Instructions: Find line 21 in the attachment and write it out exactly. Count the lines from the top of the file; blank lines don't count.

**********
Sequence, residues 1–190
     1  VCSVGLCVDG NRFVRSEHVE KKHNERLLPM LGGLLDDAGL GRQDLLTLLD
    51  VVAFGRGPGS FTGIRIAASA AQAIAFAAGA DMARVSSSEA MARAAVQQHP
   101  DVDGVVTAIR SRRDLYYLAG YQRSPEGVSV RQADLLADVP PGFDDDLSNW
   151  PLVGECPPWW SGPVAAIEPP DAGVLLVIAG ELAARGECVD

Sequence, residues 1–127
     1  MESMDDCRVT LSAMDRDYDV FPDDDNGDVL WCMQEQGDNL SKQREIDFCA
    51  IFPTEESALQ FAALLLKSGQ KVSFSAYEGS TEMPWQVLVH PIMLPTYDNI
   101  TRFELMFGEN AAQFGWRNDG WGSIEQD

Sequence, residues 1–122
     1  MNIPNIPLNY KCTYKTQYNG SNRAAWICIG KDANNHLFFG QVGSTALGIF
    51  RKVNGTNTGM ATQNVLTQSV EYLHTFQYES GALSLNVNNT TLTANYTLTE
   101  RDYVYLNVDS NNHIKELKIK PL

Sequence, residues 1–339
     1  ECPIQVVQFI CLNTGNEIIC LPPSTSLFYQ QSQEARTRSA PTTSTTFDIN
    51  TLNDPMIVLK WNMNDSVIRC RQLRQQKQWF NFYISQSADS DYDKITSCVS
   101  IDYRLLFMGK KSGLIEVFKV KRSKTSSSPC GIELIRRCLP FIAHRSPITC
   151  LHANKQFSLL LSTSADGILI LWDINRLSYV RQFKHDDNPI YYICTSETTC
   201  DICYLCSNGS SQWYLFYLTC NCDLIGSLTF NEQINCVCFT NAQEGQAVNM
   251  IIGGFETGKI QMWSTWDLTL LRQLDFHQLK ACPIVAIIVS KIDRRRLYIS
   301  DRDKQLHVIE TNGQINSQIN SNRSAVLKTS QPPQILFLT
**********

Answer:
   301  DRDKQLHVIE TNGQINSQIN SNRSAVLKTS QPPQILFLT